When my husband and I said, “I Do,” we had all the answers. He was a mature 28 year-old and I had listened to Focus on the Family since I was 9! Besides, my maiden name was Lovejoy: our home would be filled with love and joy! We were experts!
My kids have a book that we’ve read for years. Our last child, a 7 year-old boy, is the one enjoying it now. It’s called, God Thought of It First. It tells about all kinds of things that are common to us that God thought of first (helicopters, hummingbirds…).
By Sharon Autry
Our train is here!” my husband shouted. We hurried down the steps, one child in a stroller, the oldest on her own feet, and Crislynn holding my hand being dragged behind me. From the train platform, my sister Laurie watched the whole ordeal as we ran toward her through the subway station.
She described how Crislynn desperately tried to pick up all the used subway ticket treasures that were scattered on the concrete floor. But I was pulling her along. She’d look up briefly and find a pole in front of her. So her little arm would fly up in front of her face as protection in case she rammed into the pole. As soon as we passed one pole, she’d look down and grab for some lucky ticket only to find herself on a collision course with another pole. Arm in front of her face, she protected herself again.
This repeated three times before we finally made it to the train where we found Aunt Laurie laughing hysterically.
By Sharon Autry
I am officially a wimp! I whine and complain about the most ridiculous things. Dried out leftovers. Missing the two-hour sale by five minutes. The smell of wet sneakers. Having to backtrack an aisle in the grocery store.
The Apostle Paul, on the other hand, was not a wimp. His “light and momentary struggles” included things like beatings, traumatic shipwrecks, and spending days, months, even years chained to a guard. Those things seem anything but “light” to me. But compared to the joy of offering people the hope of Jesus, Paul saw these persecutions as the temporary situations that they were.
By Sharon Autry
Taken from Hold You, Mommy ~ Moments with God for Moms on the Go (Bethany House)
We were clashing about everything: clothes, hairstyles, being upside down more than right side up, rolling eyes and disrespectful remarks to my husband and me. Anything I said made her angry and that made me furious! I was trying to think of something to say to her that would be considered “praise,” but I wasn’t coming up with much! How had we ended up here, on this bumpy detour? I didn’t know. Panic set in as I wondered, “If she’s like this at eight, what will the teen years hold for us?”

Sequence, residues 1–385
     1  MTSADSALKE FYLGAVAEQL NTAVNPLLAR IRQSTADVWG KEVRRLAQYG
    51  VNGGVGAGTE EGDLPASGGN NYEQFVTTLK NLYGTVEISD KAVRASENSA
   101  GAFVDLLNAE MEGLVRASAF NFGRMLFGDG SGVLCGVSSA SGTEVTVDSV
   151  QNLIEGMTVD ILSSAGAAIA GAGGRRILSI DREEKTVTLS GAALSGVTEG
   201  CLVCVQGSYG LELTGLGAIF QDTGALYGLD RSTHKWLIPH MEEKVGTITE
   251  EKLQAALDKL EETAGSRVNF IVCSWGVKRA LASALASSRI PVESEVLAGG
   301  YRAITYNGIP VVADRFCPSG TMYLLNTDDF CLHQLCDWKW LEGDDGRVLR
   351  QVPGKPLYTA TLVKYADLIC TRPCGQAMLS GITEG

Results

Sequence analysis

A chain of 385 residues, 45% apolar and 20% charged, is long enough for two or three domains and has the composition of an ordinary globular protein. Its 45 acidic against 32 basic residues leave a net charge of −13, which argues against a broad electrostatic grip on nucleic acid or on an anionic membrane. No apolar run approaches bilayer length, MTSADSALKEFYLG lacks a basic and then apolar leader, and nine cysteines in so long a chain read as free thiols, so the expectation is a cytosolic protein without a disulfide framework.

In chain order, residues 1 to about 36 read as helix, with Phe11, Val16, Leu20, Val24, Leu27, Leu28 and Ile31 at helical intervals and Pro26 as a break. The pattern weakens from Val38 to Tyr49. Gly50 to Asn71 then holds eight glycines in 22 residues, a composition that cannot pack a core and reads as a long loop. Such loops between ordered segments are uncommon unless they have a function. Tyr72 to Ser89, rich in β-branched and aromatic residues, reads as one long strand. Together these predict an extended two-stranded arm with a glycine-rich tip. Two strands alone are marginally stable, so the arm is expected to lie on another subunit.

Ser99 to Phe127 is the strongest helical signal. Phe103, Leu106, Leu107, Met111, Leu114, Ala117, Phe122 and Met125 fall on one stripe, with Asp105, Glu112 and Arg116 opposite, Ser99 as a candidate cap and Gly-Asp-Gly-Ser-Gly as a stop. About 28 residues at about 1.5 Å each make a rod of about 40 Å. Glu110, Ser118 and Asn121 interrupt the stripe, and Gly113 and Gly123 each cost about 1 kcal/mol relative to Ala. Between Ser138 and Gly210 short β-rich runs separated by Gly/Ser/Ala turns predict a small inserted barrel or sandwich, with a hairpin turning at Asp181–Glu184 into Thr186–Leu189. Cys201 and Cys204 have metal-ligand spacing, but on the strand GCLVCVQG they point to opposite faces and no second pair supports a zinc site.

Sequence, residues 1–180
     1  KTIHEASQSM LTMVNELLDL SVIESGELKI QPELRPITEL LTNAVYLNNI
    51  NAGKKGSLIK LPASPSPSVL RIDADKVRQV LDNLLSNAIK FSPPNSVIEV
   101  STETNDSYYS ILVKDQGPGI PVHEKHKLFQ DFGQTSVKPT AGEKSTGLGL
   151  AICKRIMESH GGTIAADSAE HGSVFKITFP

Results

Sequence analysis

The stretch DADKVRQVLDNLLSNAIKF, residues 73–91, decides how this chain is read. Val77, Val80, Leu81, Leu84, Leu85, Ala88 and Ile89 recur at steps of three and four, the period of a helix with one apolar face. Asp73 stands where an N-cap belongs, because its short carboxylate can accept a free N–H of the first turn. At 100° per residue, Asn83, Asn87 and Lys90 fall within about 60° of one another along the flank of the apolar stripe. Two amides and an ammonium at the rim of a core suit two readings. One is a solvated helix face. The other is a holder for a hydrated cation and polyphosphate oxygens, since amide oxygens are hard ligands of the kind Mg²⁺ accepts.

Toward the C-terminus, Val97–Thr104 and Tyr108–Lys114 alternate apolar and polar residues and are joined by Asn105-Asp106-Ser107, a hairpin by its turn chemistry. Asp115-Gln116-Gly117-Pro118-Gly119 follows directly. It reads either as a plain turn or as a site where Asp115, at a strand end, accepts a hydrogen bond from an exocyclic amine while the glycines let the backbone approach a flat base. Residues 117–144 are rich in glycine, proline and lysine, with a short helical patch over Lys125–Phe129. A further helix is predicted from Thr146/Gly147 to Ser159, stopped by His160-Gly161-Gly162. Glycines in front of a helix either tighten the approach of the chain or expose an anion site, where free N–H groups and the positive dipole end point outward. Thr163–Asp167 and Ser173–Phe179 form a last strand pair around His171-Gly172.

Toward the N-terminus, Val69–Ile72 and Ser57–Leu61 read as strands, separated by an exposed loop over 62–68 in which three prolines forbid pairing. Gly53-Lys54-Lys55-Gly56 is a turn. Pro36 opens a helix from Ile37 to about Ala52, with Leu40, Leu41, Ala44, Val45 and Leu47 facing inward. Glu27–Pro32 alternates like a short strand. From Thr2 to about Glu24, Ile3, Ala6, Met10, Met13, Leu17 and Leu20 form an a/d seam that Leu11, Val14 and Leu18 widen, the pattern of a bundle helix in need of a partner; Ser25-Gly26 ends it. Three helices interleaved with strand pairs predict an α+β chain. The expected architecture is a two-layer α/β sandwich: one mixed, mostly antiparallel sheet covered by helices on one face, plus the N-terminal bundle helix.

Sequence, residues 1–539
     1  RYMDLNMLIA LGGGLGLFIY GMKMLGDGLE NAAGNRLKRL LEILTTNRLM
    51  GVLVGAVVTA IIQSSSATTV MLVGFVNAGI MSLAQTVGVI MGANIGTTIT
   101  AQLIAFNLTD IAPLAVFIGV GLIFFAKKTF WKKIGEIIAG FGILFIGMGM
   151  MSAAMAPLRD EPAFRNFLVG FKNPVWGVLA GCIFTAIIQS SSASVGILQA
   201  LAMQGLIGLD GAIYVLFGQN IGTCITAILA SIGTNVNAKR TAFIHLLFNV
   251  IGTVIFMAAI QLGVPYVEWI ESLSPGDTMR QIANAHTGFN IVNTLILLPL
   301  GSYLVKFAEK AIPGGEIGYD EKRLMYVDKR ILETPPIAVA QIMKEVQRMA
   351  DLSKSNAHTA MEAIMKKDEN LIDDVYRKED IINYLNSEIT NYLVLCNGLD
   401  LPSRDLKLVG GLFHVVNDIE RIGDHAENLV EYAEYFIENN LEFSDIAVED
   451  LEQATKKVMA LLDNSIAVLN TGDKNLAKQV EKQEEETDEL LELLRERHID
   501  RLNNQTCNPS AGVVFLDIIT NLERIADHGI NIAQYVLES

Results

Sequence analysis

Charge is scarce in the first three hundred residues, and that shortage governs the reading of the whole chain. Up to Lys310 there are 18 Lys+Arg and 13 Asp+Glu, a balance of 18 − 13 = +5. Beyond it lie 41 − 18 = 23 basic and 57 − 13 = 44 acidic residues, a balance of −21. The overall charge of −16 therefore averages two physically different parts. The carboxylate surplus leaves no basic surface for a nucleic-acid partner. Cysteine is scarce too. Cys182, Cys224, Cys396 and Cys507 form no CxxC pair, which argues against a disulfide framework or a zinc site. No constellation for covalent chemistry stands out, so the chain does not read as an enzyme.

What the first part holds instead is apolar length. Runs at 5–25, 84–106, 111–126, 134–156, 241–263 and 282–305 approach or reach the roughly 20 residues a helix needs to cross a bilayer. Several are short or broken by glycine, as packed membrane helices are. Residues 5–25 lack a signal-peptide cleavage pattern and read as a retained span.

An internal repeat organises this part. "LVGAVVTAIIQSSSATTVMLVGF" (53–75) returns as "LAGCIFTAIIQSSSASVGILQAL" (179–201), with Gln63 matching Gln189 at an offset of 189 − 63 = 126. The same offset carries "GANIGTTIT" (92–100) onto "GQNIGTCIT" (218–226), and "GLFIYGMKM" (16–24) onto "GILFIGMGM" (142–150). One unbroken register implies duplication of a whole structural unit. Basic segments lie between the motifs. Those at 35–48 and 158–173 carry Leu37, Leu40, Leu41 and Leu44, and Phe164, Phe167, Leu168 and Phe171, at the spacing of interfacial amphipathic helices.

A couple of days into this relationship detour, we had dinner with some friends. After we left, their eighteen-year-old son commented to his mom, “There’s just something special about her (my daughter).” The next day my friend called me and passed on the compliment. My mouth dropped open. “What?” I wanted to say. “Are we talking about the same demanding, argumentative kid?”
The rest of the day, I looked at my daughter differently. I had been missing her. She wasn’t the only one who was on this demanding and disagreeable detour! In fact, I think I had driven her there! (Pun completely intended!) That little bit of praise from a trusted friend changed my perspective. I shared the comment with my daughter and she beamed.
From that experience, I learned some things. First, when I have a good word to pass on to another mom about her kids, I need to share it. Instead of noticing the negative things, praising the good qualities I see in her child might rescue that mom from a deep struggle she is having.
Second, passing on that compliment gives that kid an “I believe in you,” message that they could be longing for. When you hear those words as a kid, they have a way of sticking for all of your life.
Finally, I realized that if I’m on that disagreeable road with one of my kids, I need to try to see it as a detour. Detours are time-consuming, confusing, and bumpy, but they eventually wind around and get back to the main road. If you’re there with one of yours, let God guide you so that you can guide your children.
PRAYER: Thank You, Lord, for the reminder that detours have their place, and that sometimes the scenic route is a path of blessing.
“A word spoken in due season, how good it is!” Proverbs 15:23b KJV.
Sharon Autry is the wife and mom of 3. She has co-authored two books with her sister, Mom and Loving It and Hold You, Mommy. For helpful mom resources, visit www.momandlovingit.org